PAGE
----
Wall Street headed for a subdued start on Wednesday, with investors waiting to see how the Federal Reserve will dampen near four-decade high inflation and guide on its pathway for interest rates.
Omicron, however, remains a wild card in the equation with the full impact of the new coronavirus variant as yet unclear, analysts said.
Nasdaq futures and S&P 500 futures were flat, with U.S. retail sales data due before the open.
The MSCI global stock index was flat at 735 points, just over 3% below a lifetime high last month.
At 1900 GMT the Fed is expected to announce that it is speeding up the end of its pandemic-era bond purchases and signal a turn to interest rate rises next year as a guard against inflation at near four-decade highs.
"We can't recall going into an FOMC meeting with the consensus so strongly favouring a hawkish outcome," wrote MUFG head of research Derek Halpenny in a note to clients.
Markets expect at least two hikes in 2022 on the Fed's 'dot plot' of where policymakers see borrowing costs going.
"People will focus on the dots and whether we see a more aggressive interest rate path in 2023," said David Riley, chief investment strategist at BlueBay Asset Management.
"But with COVID still casting that long shadow it could mean we have a situation where the rebalancing between goods and services demand takes longer, which means goods inflation could persist," Riley said.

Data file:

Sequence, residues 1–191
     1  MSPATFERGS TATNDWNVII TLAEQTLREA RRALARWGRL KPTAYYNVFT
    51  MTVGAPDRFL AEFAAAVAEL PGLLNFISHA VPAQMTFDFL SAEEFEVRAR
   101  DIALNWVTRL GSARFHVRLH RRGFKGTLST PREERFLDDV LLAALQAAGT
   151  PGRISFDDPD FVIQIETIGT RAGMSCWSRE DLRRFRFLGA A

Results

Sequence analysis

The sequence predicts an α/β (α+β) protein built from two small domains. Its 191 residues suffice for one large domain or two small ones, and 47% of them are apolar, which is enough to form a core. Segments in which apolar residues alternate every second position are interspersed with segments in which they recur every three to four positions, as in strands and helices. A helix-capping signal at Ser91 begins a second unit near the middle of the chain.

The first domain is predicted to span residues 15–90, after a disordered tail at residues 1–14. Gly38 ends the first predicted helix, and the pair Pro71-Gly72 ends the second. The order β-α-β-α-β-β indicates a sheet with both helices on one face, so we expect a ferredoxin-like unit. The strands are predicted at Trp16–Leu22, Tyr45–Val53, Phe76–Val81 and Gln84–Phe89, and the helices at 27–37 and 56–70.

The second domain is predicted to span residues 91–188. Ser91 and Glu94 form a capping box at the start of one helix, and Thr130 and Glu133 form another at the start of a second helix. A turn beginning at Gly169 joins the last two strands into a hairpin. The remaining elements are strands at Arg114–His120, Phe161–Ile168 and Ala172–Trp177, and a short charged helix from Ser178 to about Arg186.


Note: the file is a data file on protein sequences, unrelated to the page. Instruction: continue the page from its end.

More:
U.S. 10-year Treasury yields were at 1.453%, well below a recent 1.693% top. The yield curve continued its flattening trend, as investors wager an earlier start to Fed tightening will lead to slower inflation in the long run.
Inflation is also an issue elsewhere, with British consumer price inflation surging to its highest in more than 10 years in November to 5.1%, exceeding all forecasts from economists ahead of a Bank of England rate-setting meeting on Thursday.
Investors sharply increased their bets that the BoE is about to raise rates.
"It's all eyes on the Fed, but the UK inflation data is an absolute disaster for the Bank of England - to all intents and purposes they should be hiking rates but the problem is Omicron and the uncertainty around that," said Michael Hewson, chief markets analyst at CMC Markets.
"How does the Fed manage the message this afternoon? Too hawkish and it could tip stocks lower," Hewson said.
The European Central Bank also meets on Thursday and is expected to dial back stimulus one more notch, but will pledge copious support for the next year, sticking to its long-held view that alarmingly high inflation will abate on its own.
The STOXX index of 600 European companies was up 0.45% at 471 points.
CRUDE OIL EASES
Asian shares were softer, with MSCI's broadest index of Asia-Pacific shares outside Japan easing 0.54% in slow trade.
Chinese blue chips fell 0.9% as coronavirus restrictions took a toll on retail sales in November, though industrial output did improve.
The prospect of rising short term rates supported the U.S. dollar, particularly against the euro and yen where monetary policy is expected to lag.
The single currency was left at $1.1269, not far from its recent trough of $1.1184. The dollar was steady at 113.70 yen and near resistance at 113.95.
The dollar index held firm at 96.484, with bulls eyeing the November peak at 96.938. [FRX/]
The risk of rising cash rates has been a burden for gold, which offers no fixed return, and left it sidelined at $1,769 an ounce.
Oil prices eased after the International Energy Agency (IEA) said the spread of Omicron coronavirus variant would dent the recovery in global fuel demand. [O/R]
Brent fell 0.9% to $73 a barrel, while U.S. crude lost 1% to stand at $69.97 per barrel.